Exclusive Atari Interview with Jack Emmert - A Potent Mix of Star Trek, Forgotten Realms and Godzilla

Almost everyone that works in the video game industry can remember the first time they played an Atari console. Whether you were blessed to start off with fantastic games like

Almost everyone that works in the video game industry can remember the first time they played an Atari console. Whether you were blessed to start off with fantastic games like Pitfall or Pac-man or you were one of the unfortunate children whose parents bought E.T. the Extraterrestrial, we all had our cherished moments with the heavily pixilated, joystick driven games and their console.

However, after their heyday in the early parts of the video game era, Atari took a bit of a downward turn until 2001 when the company was purchased by Infogrames who quickly “reinvented” the Atari brand. Now late in 2008, Atari is ready to jump back into the gaming spotlight; this time by turning themselves into a high caliber publisher of massively multiplayer online games. As of December 9, 2008, Atari became the owner of Cryptic Studios and added two MMOGs - Star Trek Online and Champions Online - to their portfolio of high caliber games.

When the Ten Ton Hammer staff heard of the purchase of Cryptic Studios, we immediately got on the phone with Jack Emmert, Cryptic Studio’s chief creative officer, for an extensive interview about how the deal with Atari came to pass, how the acquisition will affect the studio, and what we can expect from the future of Atari and Cryptic Studios. With solid IPs like D&D’s Forgotten Realms, Godzilla, Dragon Ball Z and Alone in the Dark to draw from, there’s definitely plenty to be excited about in this deal and this interview definitely exudes Cryptic’s enthusiasm.

Champions Online and Star Trek Online are now part of Atari.

Ten Ton Hammer: First off, how will being acquired by Atari change the studio and/or any of the games that are going to be developed by Cryptic?

Jack Emmert: This will allow us to focus on our games and not focus so much on keeping the lights on. The job of an independent developer, especially the larger the studio gets, is as much about running the company as it is about developing the game. Those two roles are extremely hard to balance the larger and larger you get.

With a company the size that Cryptic is it certainly becomes a bit of a bear. Now with the resources and backing of a company like Atari, we can knuckle down and focus on making Champions Online and Star Trek Online the very best MMOs that we’re capable of making.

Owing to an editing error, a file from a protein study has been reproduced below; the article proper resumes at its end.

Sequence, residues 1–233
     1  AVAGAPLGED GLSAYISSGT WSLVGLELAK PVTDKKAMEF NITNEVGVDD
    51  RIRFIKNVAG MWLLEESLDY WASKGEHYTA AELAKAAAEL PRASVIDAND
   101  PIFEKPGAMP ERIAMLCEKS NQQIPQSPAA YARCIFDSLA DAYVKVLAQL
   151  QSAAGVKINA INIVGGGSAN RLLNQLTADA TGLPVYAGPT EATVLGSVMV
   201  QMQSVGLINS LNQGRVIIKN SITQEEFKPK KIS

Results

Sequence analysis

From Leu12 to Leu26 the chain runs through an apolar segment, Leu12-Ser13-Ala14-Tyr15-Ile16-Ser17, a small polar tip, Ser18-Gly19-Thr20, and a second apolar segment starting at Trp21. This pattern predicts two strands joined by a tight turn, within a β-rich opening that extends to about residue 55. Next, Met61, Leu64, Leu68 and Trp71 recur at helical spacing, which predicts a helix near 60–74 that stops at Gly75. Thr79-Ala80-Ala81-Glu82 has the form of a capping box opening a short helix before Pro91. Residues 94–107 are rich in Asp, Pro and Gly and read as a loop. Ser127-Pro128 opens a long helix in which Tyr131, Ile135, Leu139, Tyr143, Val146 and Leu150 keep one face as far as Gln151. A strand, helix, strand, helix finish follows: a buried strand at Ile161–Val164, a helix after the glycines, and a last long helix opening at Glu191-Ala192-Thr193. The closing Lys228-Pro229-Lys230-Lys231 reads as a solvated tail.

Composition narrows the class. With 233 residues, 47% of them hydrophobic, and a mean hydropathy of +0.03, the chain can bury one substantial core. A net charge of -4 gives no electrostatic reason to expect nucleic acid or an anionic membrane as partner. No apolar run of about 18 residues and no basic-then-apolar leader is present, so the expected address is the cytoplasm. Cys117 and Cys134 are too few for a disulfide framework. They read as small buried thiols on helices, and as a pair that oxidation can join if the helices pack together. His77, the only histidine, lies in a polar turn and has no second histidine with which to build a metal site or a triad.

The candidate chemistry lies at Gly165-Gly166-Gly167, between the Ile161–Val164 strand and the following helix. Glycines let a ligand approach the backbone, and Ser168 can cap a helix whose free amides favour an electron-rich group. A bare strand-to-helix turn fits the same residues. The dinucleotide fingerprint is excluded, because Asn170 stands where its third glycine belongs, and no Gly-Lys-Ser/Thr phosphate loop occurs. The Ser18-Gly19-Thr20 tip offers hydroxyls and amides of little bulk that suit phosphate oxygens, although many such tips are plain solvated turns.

Ten Ton Hammer: When did talks begin with Atari? Did they approach you, or did you approach them?

Jack: We have been discussing numerous options from investors and publishers across the board for quite some time. To be quite frank, these conversations almost never end. It’s really part of this slow burn that’s always going on, and when John Needham came aboard as CEO [of Cryptic Studios] we spent more energy really looking into these sorts of opportunities. I think that’s more or less when we really started to chat a lot more with other companies.

Ten Ton Hammer: Is Atari really trying to become another premier MMOG publisher?

Jack: I would hope so. Our focus at Cryptic was to become a premier MMO developer; to put out numerous titles in a variety of genres while being able to appeal to a wider audience than a hardcore MMO would.

That’s been our company goal, and I know that Atari wants us to continue expressing that. At the same time, Atari will be able to use the Cryptic technology with their various other projects.

Ten Ton Hammer: Cryptic has been an independent developer for a long, long time. Why was it suddenly the right time to be purchased? Was their a switch that got flipped, or did the right offer finally come across the table?

Jack: I think it was really finding the right people. There were certainly offers that have been available in the past, but they really weren’t situations that we were comfortable with. I think having met Phil Harrison and David Gardner helped; both those guys are really sharp, have a great vision of where they want to take Atari, and I really wanted to be part of that.

I wanted to be part of the team that made Atari a namesake just like it was for me. I don’t think there’s anyone in the video game industry today that doesn’t look back at their Atari and remember Adventure, remember Pac-man, remember Warlords or Pitfall or any of the other titles. That’s really where most of us got our start.

Jack Emmert hopes to make Atari the same sort of legendary brand it was during its console years.

I think to join that brand and support Phil and David in making it great once again is something that I really fell in love with.

Ten Ton Hammer: What sorts of opportunities will this open up for Cryptic Studios? Might we see an Atari / Cryptic “BlizzCon-type” of event? Are we going to see a major expansion of the studio? Is the sky the limit?

Jack: You mentioned BlizzCon, and that’s actually what I was thinking of myself. Our corporate identity has always been about reaching out to the community. We’ve always had more of a presence in conventions and even online. We’re always trying to reach out, and I think that’s a great idea that you suggested.

You can absolutely guarantee that I’ll throw that by the powers that be. Why not? We’re part of the Atari brand, Atari has fantastic products from Neverwinter Nights to the Witcher to Alone in the Dark and… why not?

Let’s get all the fans of all the Atari products together and talk about it and share our enthusiasm.

As for major changes, I think what you’re going to see will be more organic. We don’t have any big structural changes planned that will shake the foundations of the world. We really just want to get Star Trek and Champions out and make them the best games they can be.

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